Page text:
• The impact of collisionless, energy-independent, and energy-dependent collisionality models on the kinetic stability of the resistive wall mode is examined for high pressure plasmas in the National Spherical Torus Experiment. Future devices will have decreased collisionality, which previous stability models predict to be universally destabilizing. In contrast, in kinetic theory reduced ion-ion collisions are shown to lead to a significant stability increase when the plasma rotation frequency is in a stabilizing resonance with the ion precession drift frequency. When the plasma is in a reduced stability state with rotation in between resonances, collisionality will have little effect on stability.
  • The physics of kinetic effects on the resistive wall mode (RWM) stability is studied, and a comparison between reversed field pinch (RFP) and Tokamak configurations is made. The toroidal, magnetohydrodynamic (MHD)-kinetic hybrid stability code MARS-K, in which the drift kinetic effects are self-consistently incorporated into the MHD formulation, is upgraded with an extensive energy analysis module. In the tokamak configuration, the kinetic effect can stabilize the mode with very slow, or vanishing plasma rotation, due to the mode resonance with the toroidal precession drift of thermal trapped particles. In RFP, instead, stabilization of the RWM comes mainly from the ionmore » acoustic Landau damping (i.e., the transit resonance of passing particles). In the high beta region, the critical flow rotation frequency required for the mode stabilization is predicted to be in the ion acoustic range. Detailed physical analyses, based on the perturbed potential energy components, have been performed to gain understanding of the stabilizing mechanism in the two different systems.« less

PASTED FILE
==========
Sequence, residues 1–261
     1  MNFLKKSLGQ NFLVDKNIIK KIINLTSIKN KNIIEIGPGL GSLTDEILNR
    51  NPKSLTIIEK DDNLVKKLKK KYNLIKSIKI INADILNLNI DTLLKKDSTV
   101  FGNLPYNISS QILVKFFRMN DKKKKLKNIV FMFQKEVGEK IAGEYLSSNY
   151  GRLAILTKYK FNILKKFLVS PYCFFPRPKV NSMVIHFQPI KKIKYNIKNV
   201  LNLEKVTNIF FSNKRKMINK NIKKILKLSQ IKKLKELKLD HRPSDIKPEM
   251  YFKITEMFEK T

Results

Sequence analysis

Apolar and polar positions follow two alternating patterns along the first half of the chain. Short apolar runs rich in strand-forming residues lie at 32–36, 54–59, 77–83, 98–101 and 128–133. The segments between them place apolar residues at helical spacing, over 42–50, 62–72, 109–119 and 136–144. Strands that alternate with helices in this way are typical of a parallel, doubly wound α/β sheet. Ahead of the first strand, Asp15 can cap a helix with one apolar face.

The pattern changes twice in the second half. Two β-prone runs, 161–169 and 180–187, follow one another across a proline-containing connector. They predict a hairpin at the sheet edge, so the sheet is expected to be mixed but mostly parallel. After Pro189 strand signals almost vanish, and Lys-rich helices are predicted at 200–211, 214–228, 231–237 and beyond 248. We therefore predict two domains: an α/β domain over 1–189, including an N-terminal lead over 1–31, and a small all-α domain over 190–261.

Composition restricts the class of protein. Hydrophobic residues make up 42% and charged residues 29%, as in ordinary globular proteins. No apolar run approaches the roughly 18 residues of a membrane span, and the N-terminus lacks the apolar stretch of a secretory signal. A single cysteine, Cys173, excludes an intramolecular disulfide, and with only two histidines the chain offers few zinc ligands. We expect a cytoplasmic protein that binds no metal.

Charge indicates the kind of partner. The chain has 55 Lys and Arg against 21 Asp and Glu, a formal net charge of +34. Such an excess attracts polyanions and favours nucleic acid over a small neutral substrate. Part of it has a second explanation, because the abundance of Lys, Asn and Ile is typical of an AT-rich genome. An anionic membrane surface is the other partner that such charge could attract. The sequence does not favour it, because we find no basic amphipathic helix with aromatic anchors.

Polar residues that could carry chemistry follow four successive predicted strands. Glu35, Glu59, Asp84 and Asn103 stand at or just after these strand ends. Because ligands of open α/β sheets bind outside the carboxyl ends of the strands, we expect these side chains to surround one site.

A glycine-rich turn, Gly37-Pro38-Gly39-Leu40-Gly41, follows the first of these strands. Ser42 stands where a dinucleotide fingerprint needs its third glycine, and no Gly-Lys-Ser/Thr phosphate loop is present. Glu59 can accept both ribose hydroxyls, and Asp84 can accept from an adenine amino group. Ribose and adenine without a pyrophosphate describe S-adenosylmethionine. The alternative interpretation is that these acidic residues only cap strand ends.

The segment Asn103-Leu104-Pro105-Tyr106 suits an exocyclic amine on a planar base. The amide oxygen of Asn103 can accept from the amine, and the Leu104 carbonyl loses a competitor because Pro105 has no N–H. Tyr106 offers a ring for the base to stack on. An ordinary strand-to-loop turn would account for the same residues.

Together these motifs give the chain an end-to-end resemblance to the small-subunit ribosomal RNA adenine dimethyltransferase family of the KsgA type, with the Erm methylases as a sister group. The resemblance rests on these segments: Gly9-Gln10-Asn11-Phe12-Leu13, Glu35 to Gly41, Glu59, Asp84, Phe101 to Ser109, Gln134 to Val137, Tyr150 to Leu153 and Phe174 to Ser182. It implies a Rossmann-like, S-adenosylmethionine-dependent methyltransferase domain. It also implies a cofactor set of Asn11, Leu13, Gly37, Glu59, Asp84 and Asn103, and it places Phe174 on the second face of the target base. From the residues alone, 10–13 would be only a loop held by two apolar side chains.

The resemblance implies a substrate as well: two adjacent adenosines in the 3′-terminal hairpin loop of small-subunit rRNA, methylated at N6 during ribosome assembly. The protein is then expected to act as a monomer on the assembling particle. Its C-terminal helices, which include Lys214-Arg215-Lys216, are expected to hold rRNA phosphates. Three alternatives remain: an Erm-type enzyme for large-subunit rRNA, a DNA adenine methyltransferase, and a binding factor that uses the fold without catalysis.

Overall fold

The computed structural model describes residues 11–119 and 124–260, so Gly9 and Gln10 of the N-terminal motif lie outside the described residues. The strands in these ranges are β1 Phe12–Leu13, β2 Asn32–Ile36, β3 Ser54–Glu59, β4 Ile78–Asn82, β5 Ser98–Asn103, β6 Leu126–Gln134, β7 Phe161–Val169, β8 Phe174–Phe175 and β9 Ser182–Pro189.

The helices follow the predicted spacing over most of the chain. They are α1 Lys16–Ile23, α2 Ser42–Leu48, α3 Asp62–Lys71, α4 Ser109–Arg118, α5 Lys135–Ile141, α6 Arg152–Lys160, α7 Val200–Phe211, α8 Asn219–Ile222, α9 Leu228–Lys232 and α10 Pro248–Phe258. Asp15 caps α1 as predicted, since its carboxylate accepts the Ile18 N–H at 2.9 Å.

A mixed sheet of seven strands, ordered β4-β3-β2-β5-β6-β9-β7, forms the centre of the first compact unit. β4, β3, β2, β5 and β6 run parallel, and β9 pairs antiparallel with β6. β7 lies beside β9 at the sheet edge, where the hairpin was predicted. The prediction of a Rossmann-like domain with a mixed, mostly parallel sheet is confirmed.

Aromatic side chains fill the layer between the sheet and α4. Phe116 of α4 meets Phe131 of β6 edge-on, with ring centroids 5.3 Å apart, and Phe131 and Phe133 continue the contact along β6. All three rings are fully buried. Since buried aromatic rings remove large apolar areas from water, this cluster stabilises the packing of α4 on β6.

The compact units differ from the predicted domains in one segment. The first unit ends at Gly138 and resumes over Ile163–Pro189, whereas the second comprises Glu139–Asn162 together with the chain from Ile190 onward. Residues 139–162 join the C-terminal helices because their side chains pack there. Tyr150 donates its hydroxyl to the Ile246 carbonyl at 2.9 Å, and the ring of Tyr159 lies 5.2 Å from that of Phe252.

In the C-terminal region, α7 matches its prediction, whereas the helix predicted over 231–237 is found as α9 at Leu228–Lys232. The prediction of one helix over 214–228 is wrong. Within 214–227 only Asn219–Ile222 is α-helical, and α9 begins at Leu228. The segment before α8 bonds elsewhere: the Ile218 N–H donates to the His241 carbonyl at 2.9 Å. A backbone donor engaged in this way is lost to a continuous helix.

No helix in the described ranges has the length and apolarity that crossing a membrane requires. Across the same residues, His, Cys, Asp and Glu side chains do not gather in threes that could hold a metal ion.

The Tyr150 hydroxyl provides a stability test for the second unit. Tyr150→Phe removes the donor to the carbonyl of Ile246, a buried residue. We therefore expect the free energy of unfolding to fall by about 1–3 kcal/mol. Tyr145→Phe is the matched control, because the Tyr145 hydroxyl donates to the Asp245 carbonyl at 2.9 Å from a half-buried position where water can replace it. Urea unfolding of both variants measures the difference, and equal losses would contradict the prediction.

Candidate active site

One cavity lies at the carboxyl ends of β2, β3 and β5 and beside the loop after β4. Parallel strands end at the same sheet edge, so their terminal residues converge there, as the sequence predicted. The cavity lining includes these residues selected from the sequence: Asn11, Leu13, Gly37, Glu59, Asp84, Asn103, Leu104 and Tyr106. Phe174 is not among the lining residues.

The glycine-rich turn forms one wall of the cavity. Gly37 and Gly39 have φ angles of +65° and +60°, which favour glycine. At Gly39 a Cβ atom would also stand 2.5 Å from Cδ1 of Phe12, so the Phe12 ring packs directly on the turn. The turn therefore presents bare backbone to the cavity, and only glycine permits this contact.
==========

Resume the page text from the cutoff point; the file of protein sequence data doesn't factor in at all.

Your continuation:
• Validating the calculations of kinetic resistive wall mode (RWM) stability is important for confidently predicting RWM stable operating regions in ITER and other high performance tokamaks for disruption avoidance. Benchmarking the calculations of the Magnetohydrodynamic Resistive Spectrum—Kinetic (MARS-K) [Y. Liu et al., Phys. Plasmas 15, 112503 (2008)], Modification to Ideal Stability by Kinetic effects (MISK) [B. Hu et al., Phys. Plasmas 12, 057301 (2005)], and Perturbed Equilibrium Nonambipolar Transport (PENT) [N. Logan et al., Phys. Plasmas 20, 122507 (2013)] codes for two Solov'ev analytical equilibria and a projected ITER equilibrium has demonstrated good agreement between the codes. The important particlemore » frequencies, the frequency resonance energy integral in which they are used, the marginally stable eigenfunctions, perturbed Lagrangians, and fluid growth rates are all generally consistent between the codes. The most important kinetic effect at low rotation is the resonance between the mode rotation and the trapped thermal particle's precession drift, and MARS-K, MISK, and PENT show good agreement in this term. The different ways the rational surface contribution was treated historically in the codes is identified as a source of disagreement in the bounce and transit resonance terms at higher plasma rotation. Calculations from all of the codes support the present understanding that RWM stability can be increased by kinetic effects at low rotation through precession drift resonance and at high rotation by bounce and transit resonances, while intermediate rotation can remain susceptible to instability. The applicability of benchmarked kinetic stability calculations to experimental results is demonstrated by the prediction of MISK calculations of near marginal growth rates for experimental marginal stability points from the National Spherical Torus Experiment (NSTX) [M. Ono et al., Nucl. Fusion 40, 557 (2000)].« less